The French Country GardenMost American can conjure up a picture of an English garden but how many can do the same for a French garden, especially a French country garden. Louisa Jones’ book, The French Country Garden presents a look at eighteen gardens from all over France. Although the formal look of the gardens a Versailles may linger in our minds, there are far more styles of gardens that make up the French gardening sensibility. [click to continue…]

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kniphofia uvaria 2Also called torch lily, this herbaceous perennial is native to South Africa where it grows on damp slopes as marshy areas. Stiff, semi-evergreen, grey-green leaves up to 36” inches long are sword like and have sharp points. They form clumps that give rise to leafless stems carrying tubular flowers in densely packed terminal racemes six to ten inches long. The flowers face downward and are red when they first open, turning orange and then yellow as they mature. Red, orange, and yellow flowers are all present on the same stem at the same time giving the appearance of a torch or hot poker. Many good cultivars are available varying in color, height, and bloom time so you can have flowers in the garden and for the vase from early spring until fall. The flowers on their long stems are excellent for tall background material in arrangements. The red, orange, and yellow of the flowers goes very well in fall arrangements with flowers like orange dahlias, apricot roses, and autumn colored foliage. [click to continue…]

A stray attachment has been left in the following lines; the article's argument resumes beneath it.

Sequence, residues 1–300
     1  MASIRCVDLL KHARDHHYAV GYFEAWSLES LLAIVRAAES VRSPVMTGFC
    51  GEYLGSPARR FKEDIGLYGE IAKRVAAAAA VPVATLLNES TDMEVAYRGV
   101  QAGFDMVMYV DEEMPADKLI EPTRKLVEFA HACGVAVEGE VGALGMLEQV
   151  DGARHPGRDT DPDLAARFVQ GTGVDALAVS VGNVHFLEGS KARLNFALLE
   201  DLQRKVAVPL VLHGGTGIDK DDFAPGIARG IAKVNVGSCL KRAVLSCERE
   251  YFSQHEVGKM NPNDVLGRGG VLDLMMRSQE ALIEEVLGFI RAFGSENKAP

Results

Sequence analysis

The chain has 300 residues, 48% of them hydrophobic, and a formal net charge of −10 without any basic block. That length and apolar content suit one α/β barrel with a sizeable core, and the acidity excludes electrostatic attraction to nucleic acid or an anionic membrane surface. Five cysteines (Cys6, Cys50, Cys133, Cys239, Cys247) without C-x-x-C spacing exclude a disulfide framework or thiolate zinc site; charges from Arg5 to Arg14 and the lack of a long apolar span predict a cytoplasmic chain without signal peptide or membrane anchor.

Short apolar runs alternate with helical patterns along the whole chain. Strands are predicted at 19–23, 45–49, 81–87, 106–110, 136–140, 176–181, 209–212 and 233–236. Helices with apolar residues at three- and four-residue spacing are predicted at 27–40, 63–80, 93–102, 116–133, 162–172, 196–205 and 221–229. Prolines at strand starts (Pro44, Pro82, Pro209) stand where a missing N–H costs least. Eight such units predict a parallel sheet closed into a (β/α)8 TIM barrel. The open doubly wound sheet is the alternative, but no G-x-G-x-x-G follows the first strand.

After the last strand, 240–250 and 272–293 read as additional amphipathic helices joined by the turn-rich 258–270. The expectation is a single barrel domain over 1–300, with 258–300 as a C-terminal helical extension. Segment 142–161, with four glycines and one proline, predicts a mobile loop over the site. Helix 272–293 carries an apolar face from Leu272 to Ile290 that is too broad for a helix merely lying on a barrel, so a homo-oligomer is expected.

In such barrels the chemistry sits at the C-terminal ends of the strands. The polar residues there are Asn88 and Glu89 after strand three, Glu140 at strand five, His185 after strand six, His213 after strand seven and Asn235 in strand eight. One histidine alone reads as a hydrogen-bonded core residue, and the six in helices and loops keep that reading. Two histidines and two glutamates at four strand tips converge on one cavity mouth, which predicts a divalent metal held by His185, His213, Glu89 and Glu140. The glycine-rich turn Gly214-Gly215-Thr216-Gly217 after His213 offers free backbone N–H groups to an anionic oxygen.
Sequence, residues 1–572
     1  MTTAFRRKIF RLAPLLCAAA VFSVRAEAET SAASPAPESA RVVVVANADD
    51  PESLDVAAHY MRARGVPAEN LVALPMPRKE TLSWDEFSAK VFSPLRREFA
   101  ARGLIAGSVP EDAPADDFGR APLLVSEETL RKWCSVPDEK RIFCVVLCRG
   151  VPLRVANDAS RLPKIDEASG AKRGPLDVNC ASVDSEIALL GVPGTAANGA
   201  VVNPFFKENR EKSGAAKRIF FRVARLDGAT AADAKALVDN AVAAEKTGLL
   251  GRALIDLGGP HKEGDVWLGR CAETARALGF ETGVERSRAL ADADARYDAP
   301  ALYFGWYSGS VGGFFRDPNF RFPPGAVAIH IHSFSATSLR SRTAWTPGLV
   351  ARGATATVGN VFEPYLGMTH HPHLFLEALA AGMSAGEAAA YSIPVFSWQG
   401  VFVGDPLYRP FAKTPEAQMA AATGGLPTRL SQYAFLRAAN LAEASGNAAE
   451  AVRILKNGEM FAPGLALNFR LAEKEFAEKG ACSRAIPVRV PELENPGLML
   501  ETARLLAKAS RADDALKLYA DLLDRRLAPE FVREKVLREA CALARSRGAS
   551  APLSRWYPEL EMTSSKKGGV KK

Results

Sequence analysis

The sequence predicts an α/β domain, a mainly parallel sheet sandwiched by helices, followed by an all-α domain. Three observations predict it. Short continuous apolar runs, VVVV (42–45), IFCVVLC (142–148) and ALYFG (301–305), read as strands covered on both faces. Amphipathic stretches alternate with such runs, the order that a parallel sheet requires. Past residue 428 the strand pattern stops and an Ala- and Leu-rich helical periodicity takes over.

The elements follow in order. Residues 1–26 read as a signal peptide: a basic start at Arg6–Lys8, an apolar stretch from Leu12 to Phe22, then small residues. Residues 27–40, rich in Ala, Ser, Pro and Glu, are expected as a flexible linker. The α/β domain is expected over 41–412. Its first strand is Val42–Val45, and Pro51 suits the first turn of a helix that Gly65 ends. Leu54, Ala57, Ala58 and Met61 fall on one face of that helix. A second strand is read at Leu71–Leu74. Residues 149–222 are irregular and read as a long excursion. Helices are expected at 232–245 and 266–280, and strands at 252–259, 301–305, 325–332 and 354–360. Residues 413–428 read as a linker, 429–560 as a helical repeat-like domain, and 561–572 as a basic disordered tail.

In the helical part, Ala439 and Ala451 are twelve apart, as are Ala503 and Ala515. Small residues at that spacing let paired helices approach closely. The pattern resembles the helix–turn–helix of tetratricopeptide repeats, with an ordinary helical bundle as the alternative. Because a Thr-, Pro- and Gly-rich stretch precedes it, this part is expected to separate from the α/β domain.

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Aster divaricatusA native of eastern US, white wood aster is found in open areas of the deciduous woodlands of the Appalacian Mountains from Maine to Georgia. It is a herbaceous perennial and a member of the aster family, Asteraceae, that also includes daisies, sunflowers and lettuce. Wiry black stems carry long petioled , heart-shaped leaves, that are three to seven inches long and have coarsely toothed margins. Starry white flowers with yellow to red centers are ¾ inch long and carried in loose flat-topped clusters that cover the plant from late summer to fall. An excellent choice for dry shade. Plants growing in the South tend to leggy and can be cut back to twelve inches in mid June to encourage bushiness. [click to continue…]

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How to Care for Bonsai: Crabapple (Malus spp)

IMG_4011Crabapples are deciduous trees native to the temperate zones of the Northern Hemisphere. They belong to the rose family, Rosaceae, that also includes almonds, firethorn, and lady’s mantle. There are many species and cultivars of crabapples that vary in such characteristics as tree size, growth and branching habit, size, color of flower, and color of fruit. The flowers may be white, pink or cerise while the fruits may be green, yellow or red. Crabapples make excellent bonsai because they offer both flowers in spring and fruit in summer and fall as well as good foliage color in fall for some. When buying a crabapple bonsai avoid plants with scars or swellings of the graft union as the problem will only get worse and ruin the over all beauty of the bonsai. If possible buy a bonsai that has been grown from a cutting. The informal style is favored. [click to continue…]

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Plant Profile: Rose ‘Clair Matin’

Rose Clair MatinSmall clusters of three to seven coral colored buds open to salmon colored flowers that slowly fade to pale pink with a mass of golden stamens. The flowers are slightly cupped and have a sweetbriar scent. The new growth is crimson and prickly. ‘Clair Matin’ is a Florabunda style climber and can be grown as a shrub or climber. It is a good choice for a patio because of its fragrance.